United States District Court, S.D. Mississippi, Northern Division
REPORT AND RECOMMENDATION
Keith Ball United States Magistrate Judge
Crowder is a federal prisoner serving a 240-month sentence at
the Federal Correctional Complex in Yazoo City, Mississippi.
He brought this action pursuant to 28 U.S.C. § 2241
challenging his conviction. The undersigned recommends that
the petition be dismissed.
was tried at a bench trial and convicted in the United States
District Court for the Northern District of Illinois of
conspiracy to possess with intent to distribute a controlled
substance, and with knowingly and intentionally attempting to
possess a controlled substance, both in violation of 21
U.S.C. § 846. In his petition, he argues that the
evidence of his knowledge that he was dealing with a
controlled substance was insufficient to convict him. He also
contends that evidence used to convict him was the product of
an impermissible seizure of his vehicle.
the proper vehicle for challenging a federal conviction or
sentence is a motion under 28 U.S.C. § 2255 in the court
of conviction, not a § 2241 action in the district of
incarceration. Tolliver v. Dobre, 211 F.3d 876, 877
(5th Cir. 2000) (per curiam). A federal prisoner
may challenge his conviction under § 2241 only if his
claim falls under the “savings clause” exception
of § 2255, which allows a prisoner to resort to §
2241 if he establishes that a remedy under § 2255 is
inadequate or unavailable. See 28 U.S.C. §
2255(e). A remedy is inadequate only where a petitioner's
claim (1) is based upon a retroactively-applicable Supreme
Court decision establishing that he may have been convicted
of a nonexistent offense and (2) was foreclosed by circuit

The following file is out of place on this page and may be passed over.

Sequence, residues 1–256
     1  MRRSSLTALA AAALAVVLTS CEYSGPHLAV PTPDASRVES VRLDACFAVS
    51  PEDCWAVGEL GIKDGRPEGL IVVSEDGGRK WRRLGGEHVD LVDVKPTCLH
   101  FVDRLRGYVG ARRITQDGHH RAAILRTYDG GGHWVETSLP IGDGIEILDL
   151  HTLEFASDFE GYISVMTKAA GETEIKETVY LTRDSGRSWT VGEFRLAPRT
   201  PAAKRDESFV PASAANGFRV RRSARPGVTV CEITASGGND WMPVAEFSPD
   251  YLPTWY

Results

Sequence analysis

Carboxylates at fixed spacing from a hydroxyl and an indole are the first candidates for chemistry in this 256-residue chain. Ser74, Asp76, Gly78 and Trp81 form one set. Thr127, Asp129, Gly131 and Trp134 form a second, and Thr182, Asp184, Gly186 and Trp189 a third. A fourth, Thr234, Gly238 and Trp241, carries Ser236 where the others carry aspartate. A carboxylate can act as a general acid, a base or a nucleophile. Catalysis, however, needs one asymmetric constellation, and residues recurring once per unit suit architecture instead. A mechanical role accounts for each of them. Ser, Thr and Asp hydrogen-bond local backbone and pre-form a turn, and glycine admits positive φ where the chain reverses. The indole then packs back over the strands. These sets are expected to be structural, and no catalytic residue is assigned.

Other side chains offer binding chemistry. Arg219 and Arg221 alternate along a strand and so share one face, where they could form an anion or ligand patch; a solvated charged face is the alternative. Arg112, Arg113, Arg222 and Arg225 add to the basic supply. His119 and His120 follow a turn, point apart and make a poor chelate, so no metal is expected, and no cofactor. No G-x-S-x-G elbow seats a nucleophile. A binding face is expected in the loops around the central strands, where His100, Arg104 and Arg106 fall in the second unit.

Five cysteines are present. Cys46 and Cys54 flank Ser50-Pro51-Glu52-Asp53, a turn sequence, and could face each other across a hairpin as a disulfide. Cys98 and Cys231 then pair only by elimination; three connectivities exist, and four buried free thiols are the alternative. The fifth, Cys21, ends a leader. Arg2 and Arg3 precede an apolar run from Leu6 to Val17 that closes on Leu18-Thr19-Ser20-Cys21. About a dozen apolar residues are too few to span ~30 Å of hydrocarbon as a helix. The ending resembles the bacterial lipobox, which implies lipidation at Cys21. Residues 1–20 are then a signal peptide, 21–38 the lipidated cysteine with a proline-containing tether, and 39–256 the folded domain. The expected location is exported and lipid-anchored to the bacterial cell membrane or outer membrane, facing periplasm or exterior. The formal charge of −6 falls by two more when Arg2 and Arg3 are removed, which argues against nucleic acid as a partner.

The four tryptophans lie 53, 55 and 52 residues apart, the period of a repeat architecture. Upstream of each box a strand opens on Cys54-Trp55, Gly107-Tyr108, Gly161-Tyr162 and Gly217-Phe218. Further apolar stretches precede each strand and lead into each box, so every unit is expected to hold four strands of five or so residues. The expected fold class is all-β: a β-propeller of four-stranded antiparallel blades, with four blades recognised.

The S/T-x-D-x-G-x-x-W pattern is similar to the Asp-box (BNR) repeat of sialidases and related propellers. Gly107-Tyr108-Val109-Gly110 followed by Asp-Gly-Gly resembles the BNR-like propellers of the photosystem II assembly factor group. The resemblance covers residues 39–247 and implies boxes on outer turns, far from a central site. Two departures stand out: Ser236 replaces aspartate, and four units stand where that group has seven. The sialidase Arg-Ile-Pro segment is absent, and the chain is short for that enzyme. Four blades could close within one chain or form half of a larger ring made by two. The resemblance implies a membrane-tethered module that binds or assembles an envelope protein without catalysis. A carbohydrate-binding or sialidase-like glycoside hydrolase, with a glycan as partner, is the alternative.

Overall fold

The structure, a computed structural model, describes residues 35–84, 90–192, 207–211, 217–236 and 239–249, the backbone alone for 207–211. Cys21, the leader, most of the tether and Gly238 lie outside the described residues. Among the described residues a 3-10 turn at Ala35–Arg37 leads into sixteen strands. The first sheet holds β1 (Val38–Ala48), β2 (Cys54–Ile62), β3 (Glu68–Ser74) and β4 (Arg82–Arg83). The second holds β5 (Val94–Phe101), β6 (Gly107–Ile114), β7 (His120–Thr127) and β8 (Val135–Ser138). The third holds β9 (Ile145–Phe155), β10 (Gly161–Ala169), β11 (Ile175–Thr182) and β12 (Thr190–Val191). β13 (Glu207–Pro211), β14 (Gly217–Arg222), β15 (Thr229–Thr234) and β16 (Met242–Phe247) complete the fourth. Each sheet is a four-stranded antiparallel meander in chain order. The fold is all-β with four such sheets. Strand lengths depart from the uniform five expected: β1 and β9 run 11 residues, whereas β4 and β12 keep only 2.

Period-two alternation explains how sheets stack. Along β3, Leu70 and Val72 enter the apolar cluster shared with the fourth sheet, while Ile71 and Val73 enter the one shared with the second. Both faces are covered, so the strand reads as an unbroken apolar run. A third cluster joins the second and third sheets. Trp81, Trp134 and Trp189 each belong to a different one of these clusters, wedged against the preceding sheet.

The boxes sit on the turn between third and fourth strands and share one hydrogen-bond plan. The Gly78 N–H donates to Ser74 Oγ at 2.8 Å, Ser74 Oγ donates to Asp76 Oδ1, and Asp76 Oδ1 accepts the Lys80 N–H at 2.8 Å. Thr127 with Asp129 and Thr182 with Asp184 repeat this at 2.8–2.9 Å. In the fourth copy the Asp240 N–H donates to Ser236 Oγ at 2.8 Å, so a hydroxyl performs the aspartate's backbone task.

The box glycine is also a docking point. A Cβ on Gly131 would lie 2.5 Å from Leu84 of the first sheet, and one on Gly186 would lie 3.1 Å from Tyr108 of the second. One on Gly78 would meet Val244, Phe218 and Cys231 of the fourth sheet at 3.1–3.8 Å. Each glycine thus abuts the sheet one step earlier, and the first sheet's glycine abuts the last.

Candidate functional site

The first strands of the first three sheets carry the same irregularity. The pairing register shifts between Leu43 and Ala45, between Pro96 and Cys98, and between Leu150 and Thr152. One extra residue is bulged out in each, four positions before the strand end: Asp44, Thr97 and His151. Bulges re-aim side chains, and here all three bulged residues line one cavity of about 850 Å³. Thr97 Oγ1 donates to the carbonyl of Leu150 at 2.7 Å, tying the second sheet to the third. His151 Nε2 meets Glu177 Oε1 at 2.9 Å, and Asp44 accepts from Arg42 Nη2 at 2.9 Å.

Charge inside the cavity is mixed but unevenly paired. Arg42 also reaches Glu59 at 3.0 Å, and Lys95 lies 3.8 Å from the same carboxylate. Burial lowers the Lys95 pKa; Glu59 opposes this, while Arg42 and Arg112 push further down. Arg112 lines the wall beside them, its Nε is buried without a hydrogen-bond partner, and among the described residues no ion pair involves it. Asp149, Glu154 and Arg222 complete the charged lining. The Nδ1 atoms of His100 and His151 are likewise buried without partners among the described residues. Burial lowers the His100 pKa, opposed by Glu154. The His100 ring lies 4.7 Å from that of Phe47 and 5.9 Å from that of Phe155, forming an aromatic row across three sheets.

law at the time when the claim should have been raised in his
trial, direct appeal, or first § 2255 motion.
Reyes-Requena v. United States, 243 F.3d 893, 904
(5th Cir. 2001).
attempt to come within the savings clause exception, Crowder
relies upon McFadden v. United States, 135 S.Ct.
2298 (2015). McFadden involved a prosecution under
the Controlled Substances Act, 21 U.S.C. § 841(a)(1),
(CSA), and the Analogue Act, 21 U.S.C. § 802(32)(A), for
distribution of bath salts. In McFadden, the Court
first stated that in order to convict under the CSA, the
government must establish that the defendant knew that the
substance he was dealing with was a controlled substance.
McFadden, 136 S.Ct. at 2303. The Court went on to
clarify that where the substance is an analogue, this
knowledge requirement is met by establishing either that the
defendant knew that the substance was controlled under the
CSA or the Analogue Act, regardless of whether he knew its
identity, or that he knew the identity of the specific
analogue he was dealing with, whether or not he knew its
legal status as an analogue. Id. at 2305.
has not established that McFadden set forth a new,
retroactively applicable rule indicating that he may have
been convicted of a non-existent offense. Crowder and an
accomplice were arrested after they took delivery of a Ford
Mustang in which cocaine and marijuana were hidden. See
United States v. Crowder, 588 F.3d 929 (7th
Cir. 2010). Crowder's case did not involve the Analogue
Act. Furthermore, the knowledge issue in Crowder's case
was apparently whether he knew of the presence of the
substances in the car, not whether he appreciated their
nature as controlled substances. McFadden provides
no basis for application of the savings clause.
Crowder's petition may not be brought under § 2241,
this court is without jurisdiction. Accordingly, the
undersigned recommends that the petition be dismissed.
parties are hereby notified that failure to file written
objections to the proposed findings, conclusions, and
recommendation contained within this report and
recommendation within fourteen (14) days after being served
with a copy shall bar that party, except upon grounds of
plain error, from attacking on appeal the proposed factual
findings and legal conclusions accepted by the district
court. 28 U.S.C. § 636; Fed.R.Civ.P. 72(b); Douglass
v. United Services Automobile Ass'n, 79 F.3d 1415,
1428-29 (5th Cir. 1996).
 The Analogue Act identifies a category
of substances (analogues) that are substantially similar to
those listed in the controlled substances schedule, and it
instructs courts to treat those analogues, if they are
intended for human consumption, as controlled substances.
McFadden, 135 S.Ct. at 2303.
 Crowder makes no attempt to fit his
Fourth Amendment argument within the savings clause